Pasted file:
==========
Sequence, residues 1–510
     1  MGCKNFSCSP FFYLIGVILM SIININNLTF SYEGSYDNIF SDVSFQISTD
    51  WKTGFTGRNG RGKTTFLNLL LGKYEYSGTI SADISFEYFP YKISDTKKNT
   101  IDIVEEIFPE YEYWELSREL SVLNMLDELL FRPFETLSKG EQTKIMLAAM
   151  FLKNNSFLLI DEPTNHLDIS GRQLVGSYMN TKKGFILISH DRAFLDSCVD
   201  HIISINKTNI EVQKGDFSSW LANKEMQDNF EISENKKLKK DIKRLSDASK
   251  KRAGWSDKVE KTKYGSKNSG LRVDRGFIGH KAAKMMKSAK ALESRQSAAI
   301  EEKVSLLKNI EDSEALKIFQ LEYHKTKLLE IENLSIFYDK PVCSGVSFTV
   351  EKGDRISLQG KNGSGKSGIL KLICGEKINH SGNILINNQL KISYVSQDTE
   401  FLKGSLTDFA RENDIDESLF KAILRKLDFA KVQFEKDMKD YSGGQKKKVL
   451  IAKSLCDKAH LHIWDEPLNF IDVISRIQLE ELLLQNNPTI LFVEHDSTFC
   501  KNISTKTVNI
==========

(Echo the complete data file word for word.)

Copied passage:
Sequence, residues 1–510
     1  MGCKNFSCSP FFYLIGVILM SIININNLTF SYEGSYDNIF SDVSFQISTD
    51  WKTGFTGRNG RGKTTFLNLL LGKYEYSGTI SADISFEYFP YKISDTKKNT
   101  IDIVEEIFPE YEYWELSREL SVLNMLDELL FRPFETLSKG EQTKIMLAAM
   151  FLKNNSFLLI DEPTNHLDIS GRQLVGSYMN TKKGFILISH DRAFLDSCVD
   201  HIISINKTNI EVQKGDFSSW LANKEMQDNF EISENKKLKK DIKRLSDASK
   251  KRAGWSDKVE KTKYGSKNSG LRVDRGFIGH KAAKMMKSAK ALESRQSAAI
   301  EEKVSLLKNI EDSEALKIFQ LEYHKTKLLE IENLSIFYDK PVCSGVSFTV
   351  EKGDRISLQG KNGSGKSGIL KLICGEKINH SGNILINNQL KISYVSQDTE
   401  FLKGSLTDFA RENDIDESLF KAILRKLDFA KVQFEKDMKD YSGGQKKKVL
   451  IAKSLCDKAH LHIWDEPLNF IDVISRIQLE ELLLQNNPTI LFVEHDSTFC
   501  KNISTKTVNI